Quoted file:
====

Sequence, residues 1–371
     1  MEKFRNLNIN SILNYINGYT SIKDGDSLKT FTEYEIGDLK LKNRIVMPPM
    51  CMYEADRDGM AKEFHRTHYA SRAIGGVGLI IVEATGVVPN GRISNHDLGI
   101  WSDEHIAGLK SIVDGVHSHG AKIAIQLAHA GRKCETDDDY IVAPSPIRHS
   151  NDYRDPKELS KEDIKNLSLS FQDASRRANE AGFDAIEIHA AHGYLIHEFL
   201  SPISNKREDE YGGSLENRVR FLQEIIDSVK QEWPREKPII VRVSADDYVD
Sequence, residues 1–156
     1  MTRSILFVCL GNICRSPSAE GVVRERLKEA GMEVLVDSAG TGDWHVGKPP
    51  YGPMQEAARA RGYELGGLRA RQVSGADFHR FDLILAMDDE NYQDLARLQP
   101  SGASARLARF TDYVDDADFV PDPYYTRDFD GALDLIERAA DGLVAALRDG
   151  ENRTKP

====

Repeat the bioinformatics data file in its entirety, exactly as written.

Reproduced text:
Sequence, residues 1–371
     1  MEKFRNLNIN SILNYINGYT SIKDGDSLKT FTEYEIGDLK LKNRIVMPPM
    51  CMYEADRDGM AKEFHRTHYA SRAIGGVGLI IVEATGVVPN GRISNHDLGI
   101  WSDEHIAGLK SIVDGVHSHG AKIAIQLAHA GRKCETDDDY IVAPSPIRHS
   151  NDYRDPKELS KEDIKNLSLS FQDASRRANE AGFDAIEIHA AHGYLIHEFL
   201  SPISNKREDE YGGSLENRVR FLQEIIDSVK QEWPREKPII VRVSADDYVD
Sequence, residues 1–156
     1  MTRSILFVCL GNICRSPSAE GVVRERLKEA GMEVLVDSAG TGDWHVGKPP
    51  YGPMQEAARA RGYELGGLRA RQVSGADFHR FDLILAMDDE NYQDLARLQP
   101  SGASARLARF TDYVDDADFV PDPYYTRDFD GALDLIERAA DGLVAALRDG
   151  ENRTKP